Brighter forecast for outdoor

The news that Texaco plans to sell outdoor advertising space on its petrol forecourts, with six-sheet and 48-sheet posters offered to advertisers across its 1,000 UK outlets, shows the inherent resilience of the outdoor advertising market.

There were frequent warnings of impending doom last year, with a profits warning from Maiden in the summer, and (seemingly the final nail in the coffin) the Government’s announcement in December that it plans to go for an early ban on all tobacco advertising.

But the doldrums of the summer were caused largely by a fall in poster advertising while the World Cup was being held in France, with outdoor advertisers delaying spend until later in the year. And any fall in spend was more than made up for by a near sell-out at the end of the year, according to the latest figures compiled by outdoor media specialist Concord.

It’s not just inflation, Nigel Mansell, managing director of Concord, says: “Advertisers are paying more, but they’re paying for something that’s better and that’s delivering a bigger audience.

“There’s been an awful lot of investment from the media owners, so in many cases the same site is more valuable. There’s more illumination out there, which drives added revenue. The six-sheet market has expanded rapidly.”

The improvements explain why “there’s a disparity between rate inflation and revenue growth. The contractors have more sites and they’ve got a better product”.

People are also travelling by car more, says Mansell, so individual sites are delivering higher audiences. And while more car journeys are being made, fewer of them are for work or commuting purposes, and more for leisure or shopping, “putting people into a more receptive frame of mind”.

If the tobacco ad ban happens, it will have a minimal effect on the industry as a whole, Mansell says. “It contributes just under four per cent, and revenue growth from other areas has been more than covering that.”

It may have a greater effect on some smaller regional media owners, however, because some of them have a much higher concentration of tobacco advertising. “The major contractors have been trying to wean themselves off tobacco over the past few years,” says Mansell.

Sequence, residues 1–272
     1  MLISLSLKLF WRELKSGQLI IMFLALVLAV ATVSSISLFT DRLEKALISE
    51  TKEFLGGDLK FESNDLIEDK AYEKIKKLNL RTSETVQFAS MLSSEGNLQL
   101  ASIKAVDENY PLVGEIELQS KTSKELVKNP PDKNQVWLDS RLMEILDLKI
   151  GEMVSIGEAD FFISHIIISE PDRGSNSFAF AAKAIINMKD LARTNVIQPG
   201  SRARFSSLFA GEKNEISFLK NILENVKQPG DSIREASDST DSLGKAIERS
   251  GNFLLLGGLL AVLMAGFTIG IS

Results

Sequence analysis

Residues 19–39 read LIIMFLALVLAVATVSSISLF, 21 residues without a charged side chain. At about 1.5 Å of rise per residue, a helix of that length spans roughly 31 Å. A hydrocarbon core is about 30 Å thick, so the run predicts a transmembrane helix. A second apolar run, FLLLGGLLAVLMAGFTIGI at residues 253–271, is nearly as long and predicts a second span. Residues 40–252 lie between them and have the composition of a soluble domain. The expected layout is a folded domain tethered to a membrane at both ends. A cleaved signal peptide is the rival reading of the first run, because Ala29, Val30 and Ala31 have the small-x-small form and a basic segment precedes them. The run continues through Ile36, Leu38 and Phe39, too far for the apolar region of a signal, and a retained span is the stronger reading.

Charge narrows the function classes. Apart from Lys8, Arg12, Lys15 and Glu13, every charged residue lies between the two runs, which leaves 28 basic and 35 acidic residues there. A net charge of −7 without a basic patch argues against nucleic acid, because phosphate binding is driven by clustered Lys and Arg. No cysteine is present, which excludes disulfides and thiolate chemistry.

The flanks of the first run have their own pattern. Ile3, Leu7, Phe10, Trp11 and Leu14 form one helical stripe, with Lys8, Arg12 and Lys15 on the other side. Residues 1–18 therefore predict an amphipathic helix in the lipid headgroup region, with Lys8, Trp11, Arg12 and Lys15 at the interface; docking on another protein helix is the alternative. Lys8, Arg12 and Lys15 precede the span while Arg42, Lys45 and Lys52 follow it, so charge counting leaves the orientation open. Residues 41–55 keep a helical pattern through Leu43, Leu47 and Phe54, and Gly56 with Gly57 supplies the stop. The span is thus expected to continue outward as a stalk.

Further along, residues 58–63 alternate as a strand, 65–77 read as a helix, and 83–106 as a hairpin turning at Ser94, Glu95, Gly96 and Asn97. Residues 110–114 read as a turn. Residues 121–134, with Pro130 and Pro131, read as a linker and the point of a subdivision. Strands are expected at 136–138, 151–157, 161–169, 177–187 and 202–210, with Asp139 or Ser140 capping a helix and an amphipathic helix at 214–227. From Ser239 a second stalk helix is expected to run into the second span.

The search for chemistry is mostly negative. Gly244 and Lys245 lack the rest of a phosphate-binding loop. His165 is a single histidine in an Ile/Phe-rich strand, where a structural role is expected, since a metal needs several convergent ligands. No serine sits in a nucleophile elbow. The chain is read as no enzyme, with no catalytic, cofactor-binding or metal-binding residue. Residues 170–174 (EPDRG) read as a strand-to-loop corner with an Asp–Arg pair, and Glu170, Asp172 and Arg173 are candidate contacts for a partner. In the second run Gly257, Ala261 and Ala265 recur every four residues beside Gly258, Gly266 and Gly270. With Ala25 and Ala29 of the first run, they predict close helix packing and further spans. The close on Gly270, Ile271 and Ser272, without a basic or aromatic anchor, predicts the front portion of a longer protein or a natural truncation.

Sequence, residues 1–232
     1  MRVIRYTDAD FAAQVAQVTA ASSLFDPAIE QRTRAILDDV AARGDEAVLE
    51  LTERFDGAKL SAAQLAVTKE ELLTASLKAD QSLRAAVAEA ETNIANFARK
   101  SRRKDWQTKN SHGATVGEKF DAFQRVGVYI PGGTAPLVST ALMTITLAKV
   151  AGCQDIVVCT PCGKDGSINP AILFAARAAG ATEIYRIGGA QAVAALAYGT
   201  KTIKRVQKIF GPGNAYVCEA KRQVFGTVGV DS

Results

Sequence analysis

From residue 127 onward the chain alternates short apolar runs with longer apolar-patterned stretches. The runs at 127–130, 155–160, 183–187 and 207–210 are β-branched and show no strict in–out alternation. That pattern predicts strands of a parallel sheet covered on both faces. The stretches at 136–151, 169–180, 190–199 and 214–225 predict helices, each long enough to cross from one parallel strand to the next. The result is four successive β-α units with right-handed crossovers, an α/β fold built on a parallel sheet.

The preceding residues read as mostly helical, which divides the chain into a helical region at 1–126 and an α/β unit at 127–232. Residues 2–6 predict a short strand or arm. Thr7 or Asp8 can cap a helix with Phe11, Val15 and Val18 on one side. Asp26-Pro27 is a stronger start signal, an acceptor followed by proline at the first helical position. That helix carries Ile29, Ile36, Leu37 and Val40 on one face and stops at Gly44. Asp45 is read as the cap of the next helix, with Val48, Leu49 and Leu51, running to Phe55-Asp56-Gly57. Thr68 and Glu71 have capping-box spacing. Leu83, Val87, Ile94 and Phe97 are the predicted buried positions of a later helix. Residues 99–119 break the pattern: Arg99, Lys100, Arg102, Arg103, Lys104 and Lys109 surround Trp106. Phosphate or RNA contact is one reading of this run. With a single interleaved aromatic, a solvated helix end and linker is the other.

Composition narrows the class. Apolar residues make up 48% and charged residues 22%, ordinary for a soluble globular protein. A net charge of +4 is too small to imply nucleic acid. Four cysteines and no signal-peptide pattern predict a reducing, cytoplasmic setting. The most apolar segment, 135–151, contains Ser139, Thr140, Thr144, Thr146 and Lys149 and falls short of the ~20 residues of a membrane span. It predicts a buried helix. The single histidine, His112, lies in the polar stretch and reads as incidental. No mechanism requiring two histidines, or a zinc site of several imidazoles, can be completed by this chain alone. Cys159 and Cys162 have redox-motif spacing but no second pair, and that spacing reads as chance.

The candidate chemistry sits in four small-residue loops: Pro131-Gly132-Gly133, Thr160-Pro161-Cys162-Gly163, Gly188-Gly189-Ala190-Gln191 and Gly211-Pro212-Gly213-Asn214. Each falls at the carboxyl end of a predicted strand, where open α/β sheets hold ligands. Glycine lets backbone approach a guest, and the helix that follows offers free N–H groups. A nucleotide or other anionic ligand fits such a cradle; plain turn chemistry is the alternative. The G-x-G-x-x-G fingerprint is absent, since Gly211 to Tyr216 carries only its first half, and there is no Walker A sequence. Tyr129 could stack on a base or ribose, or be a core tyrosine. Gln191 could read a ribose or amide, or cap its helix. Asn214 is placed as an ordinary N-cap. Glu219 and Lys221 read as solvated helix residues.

The Government is now talking about a possible anti-smoking campaign – and where better to place ads than on all those poster sites outside schools?

Concord’s figures indicate that the total spend by clients on outdoor media in 1998 – including ambient – increased by a more than healthy 11.4 per cent over 1997 to reach a total of 528m, up 54m.

Concord’s overall estimate of the size of the total outdoor spend is based on figures from MMS and on data collected from media owners. But Concord also provides a more in-depth analysis which concentrates on the traditional poster market, using data from MMS (adjusted to take into account a rate change by MMS in 1998).

While four-, six-, 32-, 48-, 64- and 96-sheet formats are covered (as are roadside specials), bus and taxi media, the ambient sector and “other sized” posters are not included.

According to this analysis, growth in outdoor in 1998 was 9.5 per cent year-on-year – still a healthy increase, but obviously not as large as the overall figure.

Unilever was the client company that spent most on outdoor advertising last year, with a total budget of 10.4m, while McDonald’s was the second biggest spender, with a budget of 7.8m.

The highest spending sectors were entertainment and media and motors: both spent just over 54m and each accounted for 14.4 per cent of the market’s poster spend. Other industries which spent significant amounts on posters were business and industrial, and food and finance.

At the other end of the spectrum, the smallest spending sectors were: household appliances and household equipment (both of which accounted for just 0.5 per cent of the total spend); property (only 0.4 per cent); and mail order, with 0.2 per cent of the total.

In pure cash terms, the biggest source of “new” investment in outdoor was the business and industrial sector, which spent 41m in 1998 against 33m a year earlier, a year-on-year increase of 24 per cent. Concord identifies the biggest spenders in this industry sector as Royal Mail, One-2-One, British Gas, Cellnet and Yellow Pages.

In percentage terms, however, a number of other client sectors increased their spend on posters even more. Mail order, for example, while still one of the smallest spending market sectors, more than tripled its spend to 800,000. Household appliance companies increased their poster budget by nearly 150 per cent to 3.8m, while household stores companies nearly doubled theirs to 11.6m.

The client sector that saw the greatest cut in expenditure on posters was government, social and political organisations, where budgets fell by nearly 50 per cent – perhaps not that great a surprise, given that 1997 was the year of the last general election, while both major political parties turned to in-fighting rather than electioneering in 1998.

The outdoor advertising format that took the biggest share of total spend in 1998 was 48-sheet posters, which accounted for 181m, excluding production costs; 96-sheet posters accounted for 65m and bus media 47m. Ambient, taxis, specials and “other-sized” formats at airports, underground stations and rail stations totalled 112m.

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